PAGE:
What you need to know about the State’s far-reaching new plan to cut waste

The blueprint aims to make the Republic one of the leading states in Europe on the issue

 Cardboard, mattresses, electronics, and metal at a waste processing facility in Dublin. File photograph: Nick Bradshaw/The Irish Times

Cardboard, mattresses, electronics, and metal at a waste processing facility in Dublin. File photograph: Nick Bradshaw/The Irish Times

 

“A whole new waste plan for the country” is how Minister for Communications, Climate Action and Environment Eamon Ryan describes the newly launched national waste policy for the next five years.

With 200 separate measures, the blueprint will “effect real change and allow us to be one of the leading countries in Europe” in spreading the responsibility for waste among producers and manufacturers as well as customers, Mr Ryan said.

Here are some of the main points in the plan:

– A deposit and return scheme which will see reverse vending machines reward customers for returning plastic bottles and cans with what is likely to be a voucher redeemable in shops;

– A “latte levy” on disposable coffee cups from 2022, followed by their being banned. Similar levies are proposed for containers for cold drinks and fast food;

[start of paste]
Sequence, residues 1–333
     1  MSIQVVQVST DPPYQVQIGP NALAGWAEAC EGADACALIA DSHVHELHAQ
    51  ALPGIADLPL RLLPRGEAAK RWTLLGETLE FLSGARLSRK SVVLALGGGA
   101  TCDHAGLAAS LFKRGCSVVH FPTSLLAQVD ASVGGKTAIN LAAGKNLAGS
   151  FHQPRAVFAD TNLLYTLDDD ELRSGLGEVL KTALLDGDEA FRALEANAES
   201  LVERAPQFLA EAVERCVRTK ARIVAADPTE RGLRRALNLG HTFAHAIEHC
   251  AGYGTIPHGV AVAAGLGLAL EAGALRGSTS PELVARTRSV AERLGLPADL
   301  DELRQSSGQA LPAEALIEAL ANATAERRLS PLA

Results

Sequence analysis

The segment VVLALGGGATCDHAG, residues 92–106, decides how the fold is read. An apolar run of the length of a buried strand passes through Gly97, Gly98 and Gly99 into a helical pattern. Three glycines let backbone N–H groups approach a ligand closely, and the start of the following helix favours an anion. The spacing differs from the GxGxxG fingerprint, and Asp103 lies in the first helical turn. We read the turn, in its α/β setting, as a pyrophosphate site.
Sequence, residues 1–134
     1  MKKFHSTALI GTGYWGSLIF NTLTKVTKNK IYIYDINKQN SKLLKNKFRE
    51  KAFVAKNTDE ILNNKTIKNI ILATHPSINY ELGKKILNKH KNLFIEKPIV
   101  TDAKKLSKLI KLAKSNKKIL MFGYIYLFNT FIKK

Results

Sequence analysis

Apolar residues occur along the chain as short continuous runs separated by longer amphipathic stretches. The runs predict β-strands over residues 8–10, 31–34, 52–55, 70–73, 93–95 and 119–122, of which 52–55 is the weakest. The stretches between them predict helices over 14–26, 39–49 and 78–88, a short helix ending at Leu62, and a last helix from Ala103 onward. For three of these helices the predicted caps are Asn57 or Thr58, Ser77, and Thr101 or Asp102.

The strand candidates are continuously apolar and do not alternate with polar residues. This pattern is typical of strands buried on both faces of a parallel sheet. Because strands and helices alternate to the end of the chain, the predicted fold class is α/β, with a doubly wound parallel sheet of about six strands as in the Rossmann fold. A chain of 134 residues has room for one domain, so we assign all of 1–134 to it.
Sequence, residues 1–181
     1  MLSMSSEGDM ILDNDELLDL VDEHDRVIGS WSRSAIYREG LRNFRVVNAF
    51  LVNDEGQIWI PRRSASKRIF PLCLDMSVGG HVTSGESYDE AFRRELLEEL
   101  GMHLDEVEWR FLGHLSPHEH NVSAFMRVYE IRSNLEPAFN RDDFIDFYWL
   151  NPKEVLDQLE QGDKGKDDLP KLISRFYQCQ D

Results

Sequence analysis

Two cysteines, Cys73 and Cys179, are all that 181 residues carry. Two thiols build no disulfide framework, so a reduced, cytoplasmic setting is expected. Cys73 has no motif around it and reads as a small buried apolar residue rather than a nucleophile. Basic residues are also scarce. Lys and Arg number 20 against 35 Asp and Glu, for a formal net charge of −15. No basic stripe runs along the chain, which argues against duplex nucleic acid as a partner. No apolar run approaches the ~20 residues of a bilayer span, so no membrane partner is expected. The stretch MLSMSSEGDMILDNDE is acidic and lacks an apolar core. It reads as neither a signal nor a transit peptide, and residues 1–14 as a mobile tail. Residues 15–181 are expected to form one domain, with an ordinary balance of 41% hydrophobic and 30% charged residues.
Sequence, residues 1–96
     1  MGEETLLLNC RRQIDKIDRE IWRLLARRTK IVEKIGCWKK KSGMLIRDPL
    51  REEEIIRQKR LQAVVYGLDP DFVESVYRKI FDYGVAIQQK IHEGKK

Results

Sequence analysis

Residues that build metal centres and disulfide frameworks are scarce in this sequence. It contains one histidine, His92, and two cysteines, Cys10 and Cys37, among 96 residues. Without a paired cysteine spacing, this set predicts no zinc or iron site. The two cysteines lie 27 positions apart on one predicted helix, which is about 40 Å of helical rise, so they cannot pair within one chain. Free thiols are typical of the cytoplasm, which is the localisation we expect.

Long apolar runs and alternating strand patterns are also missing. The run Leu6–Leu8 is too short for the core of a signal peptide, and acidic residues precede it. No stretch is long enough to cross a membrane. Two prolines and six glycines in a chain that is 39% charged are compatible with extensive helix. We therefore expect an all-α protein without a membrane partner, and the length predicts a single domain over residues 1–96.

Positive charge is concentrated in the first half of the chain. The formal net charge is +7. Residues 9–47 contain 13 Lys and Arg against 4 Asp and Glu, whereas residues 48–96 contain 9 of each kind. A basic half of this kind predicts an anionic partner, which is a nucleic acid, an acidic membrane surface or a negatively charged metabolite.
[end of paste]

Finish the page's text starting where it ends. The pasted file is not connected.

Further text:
– Standardised bin colours across the State on a phased basis, with black for general waste, green for recycling, and brown for organic waste;

– A waste oversight body to be set up for consumer complaints;

– A clampdown on householders not segregating waste, with fixed penalty fines for the worst offenders;

– Bin companies to be obliged to provide every customer with a brown organic waste bin;

– Improved segregated waste facilities for apartments;

– A single-use plastic ban starting next July, with all packaging to be reusable or recyclable by 2030;

– A ban on multi-buy packs or “buy one, get one free” offers in supermarkets, which contribute to 30 per cent of food waste, according to research;

– Retailers potentially being prohibited from throwing out food ahead of its use-by date, and making it easier to donate food;

– Measures to encourage more recycled materials in construction, with possible levies for sites that don’t separate waste in skips;

– A levy on “fast fashion”, covering cheap clothes as well as footwear and interior furnishings like carpets, curtains, bedding and furniture, so people buy “quality rather than quantity”;

– A “textile action group” to be set up to work with Irish designers and retailers to promote “eco-design”;

– More fixed penalty notices for breaches of waste law;

– Any plastic drinks container holding up to 3 litres will be banned from 2024, unless the cap is attached to the main part of the container;

– Plastic drinks bottles and containers must contain 25 per cent recycled material from January 2025, rising to 30 per cent by 2030;

– Producers of packaging will have to cover costs of clean-ups associated with food containers, packets, wrappers, drinks containers, cups and lightweight carrier bags by January 2023;

– Extended Producer Responsibility (EPR) scheme – which holds makers of electrical goods, tyres and batteries responsible for their disposal – will be expanded to include tobacco companies, balloon makers and manufacturers of wet wipes and fishing gear, and

– An eventual ban on wet wipes, as well as on single-use plastic hotel toiletries and packages for restaurant condiments like sugar and sauces.